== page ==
SOUTH AFRICA

This week we bring you South Africa, famous for its exotic game meat! In fact, South Africans love grilling meat so much that they have their very own national day that celebrates it, 'Braai Day'. The mighty braai takes barbecuing to the next level. Word has it that some 15-20 million South Africans braai on Braai Day, a great equaliser in a country with many past and present struggles.

 

South Africa is also home to the name of our blog, 'Padkos', an Afrikaans word literally translating to 'food taken to eat on a journey'. On our first day in Johannesburg we bumped into a supermarket stand stocked with snack food and bearing the name. In hindsight that doesn't seem out of the ordinary since we were in South Africa after all, but it was a cool surprise as Karla's face shows in the photo below! Biltong, dried meat, is an especially good travel companion.

 

Although we didn't see much of the country on our visit, we still got a little taste of Jo'burg and its surroundings in the few days we were there. Staying with Aaron's cousin, Sean and his fiancée Daniella, we visited some local haunts, browsed the morning markets and ordered Uber Eats. Looking back it wasn't exactly the traditional culinary journey one might expect, but the comfort food did help before and after our twenty six hours of travelling to and from New Zealand. City black outs (power outages) also didn't exactly help when our hosts had special dinner plans for us.

 

Despite this we did manage to try some signature South African wines such as Pinotage (sounds like Pinot Noir but tastes more like a Shiraz, or Syrah) and Chenin Blanc (fresh and fruity like a Sauvignon Blanc) from the likes of Stellenboch, the country's more well-known grape growing district. The Pinotage in particular was a real winner on those cool winter evenings.

 

Other notable experiences were seeing Soccer City (FNB Stadium), experiencing life in a gated community not far from Diepsloot (one of Jo'burgs larger slums or townships), visiting the Apartheid Museum and simply taking in the sights, sounds and smells of a city defined by its wealth and racial divide. It is a city of major contrasts.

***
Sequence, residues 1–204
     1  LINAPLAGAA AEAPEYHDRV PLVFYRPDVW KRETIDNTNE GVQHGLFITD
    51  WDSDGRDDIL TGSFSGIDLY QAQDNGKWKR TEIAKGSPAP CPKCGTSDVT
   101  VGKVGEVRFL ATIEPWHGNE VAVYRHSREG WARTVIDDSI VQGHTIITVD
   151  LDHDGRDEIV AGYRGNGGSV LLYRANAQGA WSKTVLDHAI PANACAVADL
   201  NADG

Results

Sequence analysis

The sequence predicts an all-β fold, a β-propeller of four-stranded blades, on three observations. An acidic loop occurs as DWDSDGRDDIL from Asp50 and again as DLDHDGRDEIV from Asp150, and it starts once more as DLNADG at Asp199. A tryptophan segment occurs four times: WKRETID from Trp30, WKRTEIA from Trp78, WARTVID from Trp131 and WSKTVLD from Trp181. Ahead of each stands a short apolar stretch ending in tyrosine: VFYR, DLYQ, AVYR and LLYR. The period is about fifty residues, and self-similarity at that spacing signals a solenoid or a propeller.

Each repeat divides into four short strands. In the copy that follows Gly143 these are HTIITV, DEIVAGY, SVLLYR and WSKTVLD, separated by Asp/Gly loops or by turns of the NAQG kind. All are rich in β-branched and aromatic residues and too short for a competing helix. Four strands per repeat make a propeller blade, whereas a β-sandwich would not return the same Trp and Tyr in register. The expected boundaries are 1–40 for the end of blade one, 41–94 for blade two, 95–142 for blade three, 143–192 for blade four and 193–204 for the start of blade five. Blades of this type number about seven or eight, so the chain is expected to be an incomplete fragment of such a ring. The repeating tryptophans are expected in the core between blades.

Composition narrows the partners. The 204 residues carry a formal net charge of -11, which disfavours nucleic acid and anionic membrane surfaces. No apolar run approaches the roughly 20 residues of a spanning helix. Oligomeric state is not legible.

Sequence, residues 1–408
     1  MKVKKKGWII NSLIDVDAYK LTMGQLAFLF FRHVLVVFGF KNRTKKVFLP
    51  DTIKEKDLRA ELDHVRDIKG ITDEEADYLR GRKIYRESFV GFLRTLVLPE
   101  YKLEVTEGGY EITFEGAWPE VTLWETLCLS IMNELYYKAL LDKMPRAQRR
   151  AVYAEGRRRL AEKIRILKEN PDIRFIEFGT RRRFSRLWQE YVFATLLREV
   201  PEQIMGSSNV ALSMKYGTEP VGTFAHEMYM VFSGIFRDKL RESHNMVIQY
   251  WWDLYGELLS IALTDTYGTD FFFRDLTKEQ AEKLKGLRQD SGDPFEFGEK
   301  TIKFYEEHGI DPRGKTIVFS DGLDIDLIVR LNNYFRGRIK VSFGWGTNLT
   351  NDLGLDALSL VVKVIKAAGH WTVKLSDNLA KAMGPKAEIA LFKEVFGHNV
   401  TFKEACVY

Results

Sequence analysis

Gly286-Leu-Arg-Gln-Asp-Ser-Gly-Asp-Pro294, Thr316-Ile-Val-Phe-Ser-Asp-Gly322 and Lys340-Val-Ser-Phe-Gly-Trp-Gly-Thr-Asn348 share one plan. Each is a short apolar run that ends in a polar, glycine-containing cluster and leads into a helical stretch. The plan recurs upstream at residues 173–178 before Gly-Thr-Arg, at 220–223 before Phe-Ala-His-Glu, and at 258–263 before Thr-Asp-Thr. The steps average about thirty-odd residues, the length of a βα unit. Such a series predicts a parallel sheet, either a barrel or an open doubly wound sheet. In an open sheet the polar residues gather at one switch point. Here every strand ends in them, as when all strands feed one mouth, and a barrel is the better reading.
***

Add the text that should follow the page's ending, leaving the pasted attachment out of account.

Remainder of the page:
For our take on South African cuisine, we managed to dig out four superb recipes from our new cookbook 'Tastes of Africa' by Justice Kamanga. Joining us for the meal was Gilbert, our pet shweshwe giraffe, from the Bryanston organic markets in Jo'burg. We liked the look of him, so decided to adopt him and give him a new home in New Zealand. Needless to say, he attracted lots of "look mummy, there's a giraffe" on the flights back to NZ!

 

Back to the food. For our entrée course we went with South African health bread. What sets this bread apart is nutty wheat, a popular type of flour in South Africa. When combined with oats, sesame seeds, poppy seeds and sunflower seeds, it makes an oaty, seedy and simply delicious bread that rivals the best of the European doughs. The recipe is simple and quick with no kneading required, so ideal for those short on time. Fresh out of the oven with a healthy spread of butter and voilà, it was tough not to eat the whole loaf in one sitting.

 

Next up were our two sides, morogo with peanuts and mushrooms and the faithful miele pap. Morogo is a wild spinach that can be found growing between other crops and is a familiar sight in rural South Africa. Not only is it nutritious, but it is also delicious. We used ordinary spinach and it worked a treat. It's easy to pull together and adds plenty of colour to the meal.

 

Finally, for the main course, we cooked Bobotie. Holy mackerel! Bobotie is the best comfort food since mac'n'cheese. The dish is a South African favourite made with minced beef or lamb and an egg based topping. It gives a spicy, fruity taste with a hint of curry. The history of the dish is traced back to a 17th century Dutch cookbook, eventually making its way over to the Cape of Good Hope where the Cape Malay people adopted it and made it a national favourite. It is a-mazing.

 

Rounding out the meal was one of the most famous and best loved of South African desserts, milk tart. Also known as melktert in Afrikaans, the dessert is a sweet pastry crust containing a creamy filling made from milk, flour, sugar and eggs. It's essentially custard and pastry. Who doesn't like that combination? It went even better alongside a Don Pedro, the crème de la crème of adult milkshakes (Karla's favourite). The cocktail is a decadent mix of vanilla ice cream, chocolate sauce, and Amarula, a creamy liqueur made from the fruits of the marula tree. Elephants are known to be particularly fond of the fruit.